A court reviewing a denial of disability benefits may not determine de novo whether an individual is disabled. See 42 U.S.C. § 405(g), 1383 (c)(3); Wagner v. Sec'y of Health and Human Servs., 906 F.2d 856, 860 (2d Cir. 1990). Rather, the Commissioner's determination will only be reversed if it is not supported by substantial evidence or there has been a legal error. See Grey v. Heckler, 721 F.2d 41, 46 (2d Cir. 1983); Marcus v. Califano, 615 F.2d 23, 27 (2d Cir. 1979). "Substantial evidence" is evidence that amounts to "more than a mere scintilla," and it has been defined as "such relevant evidence as a reasonable mind might accept as adequate to support a conclusion." Richardson v. Perales, 402 U.S. 389, 401, 91 S.Ct. 1420, 1427, 28 L.Ed. 2d 842 (1971). Where evidence is deemed susceptible to more than one rational interpretation, the Commissioner's conclusion must be upheld. See Rutherford v. Schweiker, 685 F.2d 60, 62 (2d Cir. 1982).
"To determine on appeal whether the ALJ's findings are supported by substantial evidence, a reviewing court considers the whole record, examining evidence from both sides, because an analysis of the substantiality of the evidence must also include that which detracts from its weight." Williams on Behalf of Williams v. Bowen, 859 F.2d 255, 258 (2d Cir. 1988). If supported by substantial evidence, the Commissioner's finding must be sustained "even where substantial evidence may support the plaintiff's position and despite that the court's independent analysis of the evidence may differ from the [Commissioner's]." Rosado v. Sullivan, 805 F. Supp. 147, 153 (S.D.N.Y. 1992).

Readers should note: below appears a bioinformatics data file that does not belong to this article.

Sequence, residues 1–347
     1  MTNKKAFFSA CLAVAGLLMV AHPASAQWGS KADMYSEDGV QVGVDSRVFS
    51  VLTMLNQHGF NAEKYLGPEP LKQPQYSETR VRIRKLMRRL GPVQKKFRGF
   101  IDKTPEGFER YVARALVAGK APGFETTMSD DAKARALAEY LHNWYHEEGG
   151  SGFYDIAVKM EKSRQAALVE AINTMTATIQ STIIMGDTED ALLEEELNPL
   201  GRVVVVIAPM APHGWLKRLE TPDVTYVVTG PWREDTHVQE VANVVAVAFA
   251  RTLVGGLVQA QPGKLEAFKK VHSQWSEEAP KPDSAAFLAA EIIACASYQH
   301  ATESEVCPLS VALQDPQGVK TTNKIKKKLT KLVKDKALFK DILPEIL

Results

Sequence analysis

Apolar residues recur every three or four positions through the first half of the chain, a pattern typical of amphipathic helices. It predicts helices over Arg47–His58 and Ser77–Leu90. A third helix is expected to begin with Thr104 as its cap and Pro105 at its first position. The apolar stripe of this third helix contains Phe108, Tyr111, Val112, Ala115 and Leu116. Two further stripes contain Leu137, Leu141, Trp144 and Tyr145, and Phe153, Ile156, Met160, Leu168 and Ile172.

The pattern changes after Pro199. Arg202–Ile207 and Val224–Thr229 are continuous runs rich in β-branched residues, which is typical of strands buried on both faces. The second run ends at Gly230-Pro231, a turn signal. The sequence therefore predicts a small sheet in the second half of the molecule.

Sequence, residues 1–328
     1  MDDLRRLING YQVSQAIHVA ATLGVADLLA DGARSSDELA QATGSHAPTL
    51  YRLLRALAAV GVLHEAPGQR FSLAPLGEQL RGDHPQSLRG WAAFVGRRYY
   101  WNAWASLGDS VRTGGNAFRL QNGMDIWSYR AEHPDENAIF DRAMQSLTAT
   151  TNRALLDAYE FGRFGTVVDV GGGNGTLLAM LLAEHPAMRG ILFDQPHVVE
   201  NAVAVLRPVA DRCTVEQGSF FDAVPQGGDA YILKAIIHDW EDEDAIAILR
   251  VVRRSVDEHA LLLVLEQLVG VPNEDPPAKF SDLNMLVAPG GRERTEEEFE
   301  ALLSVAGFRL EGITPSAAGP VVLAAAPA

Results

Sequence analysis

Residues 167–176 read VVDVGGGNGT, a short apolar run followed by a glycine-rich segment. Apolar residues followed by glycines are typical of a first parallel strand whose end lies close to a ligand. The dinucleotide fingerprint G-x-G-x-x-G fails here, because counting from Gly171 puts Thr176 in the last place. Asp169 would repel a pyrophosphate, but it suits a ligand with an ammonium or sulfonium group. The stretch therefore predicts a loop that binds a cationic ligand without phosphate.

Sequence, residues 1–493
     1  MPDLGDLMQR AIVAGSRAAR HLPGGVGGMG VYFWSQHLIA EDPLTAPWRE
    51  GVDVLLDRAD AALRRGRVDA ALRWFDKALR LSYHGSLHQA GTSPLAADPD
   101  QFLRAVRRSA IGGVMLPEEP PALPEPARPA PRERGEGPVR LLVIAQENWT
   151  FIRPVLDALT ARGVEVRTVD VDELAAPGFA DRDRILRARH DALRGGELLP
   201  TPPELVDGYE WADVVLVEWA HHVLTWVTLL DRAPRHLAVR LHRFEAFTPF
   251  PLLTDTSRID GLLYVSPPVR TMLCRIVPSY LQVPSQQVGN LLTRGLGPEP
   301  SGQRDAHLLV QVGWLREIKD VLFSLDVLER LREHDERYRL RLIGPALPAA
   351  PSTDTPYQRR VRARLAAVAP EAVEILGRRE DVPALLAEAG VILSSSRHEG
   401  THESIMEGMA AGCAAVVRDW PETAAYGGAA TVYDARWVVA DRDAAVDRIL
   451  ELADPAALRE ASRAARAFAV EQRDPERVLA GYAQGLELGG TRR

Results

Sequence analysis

In other words, this Court must afford the Commissioner's determination considerable deference, and may not substitute "its own judgment for that of the [Commissioner], even if it might justifiably have reached a different result upon a de novo review." Valente v. Sec'y of Health and Human Servs., 733 F.2d 1037, 1041 (2d Cir. 1984).
The Commissioner has established a five-step sequential evaluation process*fn4 to determine whether an individual is disabled as defined under the Social Security Act. See 20 C.F.R. § 404.1520, 416.920. The United States Supreme Court recognized the validity of this analysis in Bowen v. Yuckert, 482 U.S. 137, 140-142, 107 S.Ct. 2287, 2291, 96 L.Ed. 2d 119 (1987), and it remains the proper approach for analyzing whether a claimant is disabled.